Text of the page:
Wet vs. Dry Macular Degeneration
Most people with macular degeneration have the more common form, dry AMD, in one or both eyes. In one out of 10 people, dry AMD progresses to wet AMD.
Dry macular degeneration
Macular degeneration typically starts with the dry form.
Starting around age 50, it’s common for small yellow deposits called drusen to form under the macula. With dry AMD (also called geographic atrophy), there are more and larger drusen, and the macula thins. A number of factors can impact the development of drusen—from genetics to damage from ultraviolet rays and the effects of smoking.
How does dry AMD affect vision? The center of your vision can become wavy and fuzzy. These changes may make it harder to read, recognize faces or see well in poorly lit or dark places. Dry AMD usually worsens slowly and may not become severe, but it can progress to the point of having significant symptoms, including dark spots that can block your central vision.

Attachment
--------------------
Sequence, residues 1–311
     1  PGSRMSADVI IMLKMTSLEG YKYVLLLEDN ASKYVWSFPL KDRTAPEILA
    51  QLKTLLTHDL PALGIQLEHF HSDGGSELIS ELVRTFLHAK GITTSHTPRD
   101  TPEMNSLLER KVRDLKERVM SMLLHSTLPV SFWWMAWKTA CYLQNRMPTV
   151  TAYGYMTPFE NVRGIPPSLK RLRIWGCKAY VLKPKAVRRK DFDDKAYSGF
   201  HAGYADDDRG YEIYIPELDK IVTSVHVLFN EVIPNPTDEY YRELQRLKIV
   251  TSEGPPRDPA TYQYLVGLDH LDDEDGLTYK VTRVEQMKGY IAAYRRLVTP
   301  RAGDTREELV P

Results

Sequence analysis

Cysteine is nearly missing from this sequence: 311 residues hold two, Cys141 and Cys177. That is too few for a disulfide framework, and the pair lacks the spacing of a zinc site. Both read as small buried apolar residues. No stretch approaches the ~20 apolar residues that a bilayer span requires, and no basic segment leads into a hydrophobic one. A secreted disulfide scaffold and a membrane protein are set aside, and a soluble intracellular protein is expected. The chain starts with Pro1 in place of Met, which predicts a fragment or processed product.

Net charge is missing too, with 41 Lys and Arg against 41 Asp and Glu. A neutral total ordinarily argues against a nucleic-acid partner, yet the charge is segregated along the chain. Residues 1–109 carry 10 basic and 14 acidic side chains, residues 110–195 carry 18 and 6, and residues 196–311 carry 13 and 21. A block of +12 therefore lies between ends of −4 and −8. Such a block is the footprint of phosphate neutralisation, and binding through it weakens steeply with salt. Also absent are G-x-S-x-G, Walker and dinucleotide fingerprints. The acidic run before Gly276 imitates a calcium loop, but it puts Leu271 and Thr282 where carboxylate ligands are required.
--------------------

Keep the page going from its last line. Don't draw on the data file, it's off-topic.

Wet macular degeneration
Wet AMD, also called neovascular AMD, is a more severe type of macular degeneration. About one in 10 people with dry AMD go on to develop wet AMD in one or both eyes. In wet AMD, abnormal blood vessels grow under the retina, leaking blood and fluid that can cause bulging, swelling and permanent scarring of the macula.
How does wet AMD affect vision? With wet AMD, there may be blurry or blind spots in the central vision as well as distortions and a loss in color vision. Wet AMD can seem to appear suddenly and may worsen quickly.